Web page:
Why Moonflower? The power of Datura!

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This post is not encouraging you to consume Datura, but please do check out La Abeja Herbs’ essence (link below)!

My fascination with Datura, otherwise known as Moonflower or Jimson Weed, began in a Plants and People course I took in college. Mainly, we learned about plants that are used as ceremonial plants or pharmaceutical drugs and their active constituents. I remember hearing about Datura and the vivid and terrifying hallucinogenic visions it can give to someone who consumes it. How powerful plants can be and how we must show them the respect that they deserve. They have the power to heal, to kill, and to provide profound visions. Many modern medicines are formulated as synthetic replications of natural plant constituents.

Datura plant growing next to a building at Wild Willow Farm in San Diego

So why did I choose this plant as the name of my Etsy business and blog?

  • To me, Datura represents giving death to those things that no longer serve us. Datura gives us the power to let go and let the natural world take the wheel (used as an anesthetic).
  • Datura opens the door to your intuitive self and your creative side.
  • Every time I see the blooms, they take my breath away. They seem to have a very strong spirit or ghostly presence, I want to evoke this strength in my work.

Shortly after choosing this name, Datura popped up everywhere for me. I came across this flower essence from La Abeja Herbs and immediately purchased some to try. Not long after that, Sophia Rose, the owner of La Abeja Herbs, went on the Medicine Stories podcast and specifically spoke about the Datura essence (she sells many essences). I’d see posts all over Instagram with Datura. Then, when I went to San Diego for an herbal course with Ana Victoria and Damiana of La Tierra Buena Collective, Datura was growing around the farm. It felt right, like she was giving me permission to use her name. Mariee Sioux‘s song “Wild Eyes” opens the Medicine Stories podcast. I’ve listened to Mariee Sioux since maybe my senior year of high school, and she just recently put out a new album with Datura on the cover and began growing some herself. Datura is intoxicating, alluring, mysterious, and powerful! It’s hard not to fall in love with her blooms. I want what I put into the world to be just as mesmerizing.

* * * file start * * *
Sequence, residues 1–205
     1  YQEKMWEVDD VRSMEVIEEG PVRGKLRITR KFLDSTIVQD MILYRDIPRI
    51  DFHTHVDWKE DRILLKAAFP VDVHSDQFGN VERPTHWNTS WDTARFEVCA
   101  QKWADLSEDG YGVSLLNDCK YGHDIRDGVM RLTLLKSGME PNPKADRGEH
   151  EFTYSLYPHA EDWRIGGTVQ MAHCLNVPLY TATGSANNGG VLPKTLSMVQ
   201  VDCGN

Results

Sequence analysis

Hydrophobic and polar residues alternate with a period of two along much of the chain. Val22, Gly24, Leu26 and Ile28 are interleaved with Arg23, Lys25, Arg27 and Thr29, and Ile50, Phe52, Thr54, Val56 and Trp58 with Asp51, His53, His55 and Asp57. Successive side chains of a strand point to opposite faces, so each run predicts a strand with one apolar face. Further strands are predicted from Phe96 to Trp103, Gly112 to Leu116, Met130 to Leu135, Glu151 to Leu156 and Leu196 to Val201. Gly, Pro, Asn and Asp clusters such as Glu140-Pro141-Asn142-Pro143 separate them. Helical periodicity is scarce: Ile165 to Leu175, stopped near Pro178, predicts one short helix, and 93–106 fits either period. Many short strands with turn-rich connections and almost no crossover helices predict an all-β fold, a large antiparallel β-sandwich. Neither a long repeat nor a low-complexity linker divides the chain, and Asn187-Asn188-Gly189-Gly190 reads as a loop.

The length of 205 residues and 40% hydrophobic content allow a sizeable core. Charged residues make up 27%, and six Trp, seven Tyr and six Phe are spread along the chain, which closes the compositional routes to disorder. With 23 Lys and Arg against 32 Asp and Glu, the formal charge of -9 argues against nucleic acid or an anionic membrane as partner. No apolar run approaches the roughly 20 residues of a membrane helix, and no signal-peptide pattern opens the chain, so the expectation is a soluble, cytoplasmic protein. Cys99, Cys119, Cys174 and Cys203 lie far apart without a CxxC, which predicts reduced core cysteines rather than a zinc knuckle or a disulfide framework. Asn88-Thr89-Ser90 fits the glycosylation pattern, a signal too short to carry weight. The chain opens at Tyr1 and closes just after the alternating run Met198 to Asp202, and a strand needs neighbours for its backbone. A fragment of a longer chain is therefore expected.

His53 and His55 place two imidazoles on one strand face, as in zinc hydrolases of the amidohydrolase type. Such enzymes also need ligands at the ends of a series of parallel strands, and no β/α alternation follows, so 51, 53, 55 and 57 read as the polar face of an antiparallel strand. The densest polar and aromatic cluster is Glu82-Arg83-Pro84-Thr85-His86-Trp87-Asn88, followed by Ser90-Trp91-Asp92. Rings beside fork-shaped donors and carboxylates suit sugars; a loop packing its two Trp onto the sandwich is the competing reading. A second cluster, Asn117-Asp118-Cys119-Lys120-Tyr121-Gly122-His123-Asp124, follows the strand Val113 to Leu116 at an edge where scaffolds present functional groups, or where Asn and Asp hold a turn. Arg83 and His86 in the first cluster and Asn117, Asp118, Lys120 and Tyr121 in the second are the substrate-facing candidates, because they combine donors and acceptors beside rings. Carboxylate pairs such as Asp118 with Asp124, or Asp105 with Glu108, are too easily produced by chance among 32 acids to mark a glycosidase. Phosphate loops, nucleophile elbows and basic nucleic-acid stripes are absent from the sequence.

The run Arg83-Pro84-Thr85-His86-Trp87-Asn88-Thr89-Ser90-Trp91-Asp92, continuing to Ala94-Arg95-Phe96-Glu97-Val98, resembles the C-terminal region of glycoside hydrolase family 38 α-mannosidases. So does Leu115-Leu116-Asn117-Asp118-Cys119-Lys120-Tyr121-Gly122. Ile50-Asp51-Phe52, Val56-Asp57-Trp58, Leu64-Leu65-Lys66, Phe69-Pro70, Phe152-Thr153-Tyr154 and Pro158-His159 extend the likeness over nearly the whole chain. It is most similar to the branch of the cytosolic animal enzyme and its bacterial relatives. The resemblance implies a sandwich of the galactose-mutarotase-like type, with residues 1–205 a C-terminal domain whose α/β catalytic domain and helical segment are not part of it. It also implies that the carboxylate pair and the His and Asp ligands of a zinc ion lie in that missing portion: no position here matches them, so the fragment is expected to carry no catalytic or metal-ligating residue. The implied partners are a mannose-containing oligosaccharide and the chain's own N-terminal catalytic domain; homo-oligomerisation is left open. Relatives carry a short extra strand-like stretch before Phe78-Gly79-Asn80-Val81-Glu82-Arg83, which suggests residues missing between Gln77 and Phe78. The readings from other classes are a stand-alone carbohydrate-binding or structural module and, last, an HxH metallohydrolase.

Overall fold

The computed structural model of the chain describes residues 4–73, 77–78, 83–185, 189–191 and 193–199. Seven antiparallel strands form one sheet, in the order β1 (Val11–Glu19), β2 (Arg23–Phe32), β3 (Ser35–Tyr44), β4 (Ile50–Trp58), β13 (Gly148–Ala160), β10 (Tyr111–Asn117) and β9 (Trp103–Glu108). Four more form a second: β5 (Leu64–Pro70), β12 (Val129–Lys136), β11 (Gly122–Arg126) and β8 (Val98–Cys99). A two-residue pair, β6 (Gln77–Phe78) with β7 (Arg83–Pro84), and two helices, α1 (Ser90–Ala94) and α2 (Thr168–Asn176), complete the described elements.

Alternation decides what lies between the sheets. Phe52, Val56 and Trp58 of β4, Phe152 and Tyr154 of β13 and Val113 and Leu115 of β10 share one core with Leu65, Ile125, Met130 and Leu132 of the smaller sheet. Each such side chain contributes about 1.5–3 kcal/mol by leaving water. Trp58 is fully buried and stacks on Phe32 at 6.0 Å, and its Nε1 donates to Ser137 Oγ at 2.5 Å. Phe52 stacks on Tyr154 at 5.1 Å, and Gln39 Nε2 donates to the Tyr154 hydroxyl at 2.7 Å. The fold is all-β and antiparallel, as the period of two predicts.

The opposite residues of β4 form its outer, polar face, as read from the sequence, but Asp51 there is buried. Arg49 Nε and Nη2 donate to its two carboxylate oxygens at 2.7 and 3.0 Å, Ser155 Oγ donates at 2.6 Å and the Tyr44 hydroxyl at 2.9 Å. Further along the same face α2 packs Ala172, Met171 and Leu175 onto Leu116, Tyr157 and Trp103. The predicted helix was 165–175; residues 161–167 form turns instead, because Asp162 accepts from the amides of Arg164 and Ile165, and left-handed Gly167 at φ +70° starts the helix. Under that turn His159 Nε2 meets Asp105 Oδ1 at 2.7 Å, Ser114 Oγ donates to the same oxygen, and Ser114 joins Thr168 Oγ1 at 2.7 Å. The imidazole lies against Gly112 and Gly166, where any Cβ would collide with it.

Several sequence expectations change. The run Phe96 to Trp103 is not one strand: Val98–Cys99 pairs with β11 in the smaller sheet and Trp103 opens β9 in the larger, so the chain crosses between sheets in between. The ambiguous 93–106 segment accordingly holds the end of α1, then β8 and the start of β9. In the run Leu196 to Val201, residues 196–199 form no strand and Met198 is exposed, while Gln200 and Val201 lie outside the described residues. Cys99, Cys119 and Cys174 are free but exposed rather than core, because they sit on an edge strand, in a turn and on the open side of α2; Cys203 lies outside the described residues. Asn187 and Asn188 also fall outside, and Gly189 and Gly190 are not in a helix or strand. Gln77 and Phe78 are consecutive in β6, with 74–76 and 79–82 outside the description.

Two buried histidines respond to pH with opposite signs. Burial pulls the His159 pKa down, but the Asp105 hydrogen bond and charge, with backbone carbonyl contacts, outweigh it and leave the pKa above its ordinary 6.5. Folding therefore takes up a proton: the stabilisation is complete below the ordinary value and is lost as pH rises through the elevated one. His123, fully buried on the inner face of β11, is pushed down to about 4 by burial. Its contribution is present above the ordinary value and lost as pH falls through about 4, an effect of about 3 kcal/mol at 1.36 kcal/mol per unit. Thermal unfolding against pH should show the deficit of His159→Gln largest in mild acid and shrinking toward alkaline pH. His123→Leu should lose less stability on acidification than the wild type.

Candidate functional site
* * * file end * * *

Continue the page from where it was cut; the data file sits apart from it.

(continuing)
Datura blossom at Wild Willow Farm in San Diego

I also think it’s important to mention that I currently live in California and many indigenous groups here have a relationship with Datura in ceremony and coming of age rituals. Chumash peoples’ rituals center around a this plant and its spirit, Momoy, a wise old grandmother. Consuming the Datura helped the youths to transition into adulthood by connecting them with a spirit guide. It’s also believed to grow in areas where there are portals to the realm of ancestors.

When I decided to study Anthropology, it was after reading many of Wade Davis’ books. One in particular called The Serpent and the Rainbow is an account of how Datura was used in Haiti to create vodoun zombies. Many historically and even still today think of third world countries and indigenous cultures as “primitive” and “underdeveloped,” however, there are profound and complex medicines and rituals found in all indigenous cultures throughout history. This knowledge is many times stolen and patented while those passing down this ancient wisdom are left without credit. Datura is a prime example of the power of these traditional medicines, and the epitome of why we should respect the earth, her people, and the rituals and cycles that unite us all.

I think Vandana Shiva says it best:

“I have called this phenomenon of stealing common knowledge and indigenous science “biopiracy” and “intellectual piracy.” According to patent systems we shouldn’t be able to patent what exists as “prior art.” But the United States patent system is somewhat perverted. First of all, it does not treat the prior art of other societies as “prior art.” Therefore anyone from the United States can travel to another country, find out about the use of a medicinal plant, or find a seed that farmers use, come back here, claim it as an invention or an innovation.”

To sum it up Datura, Moonflower, to me says: Power to the people, power to each of us as individuals, to continue in reverence for the earth and her medicines that sustain us and with respect to our ancestors and all future generations. โค๏ธ

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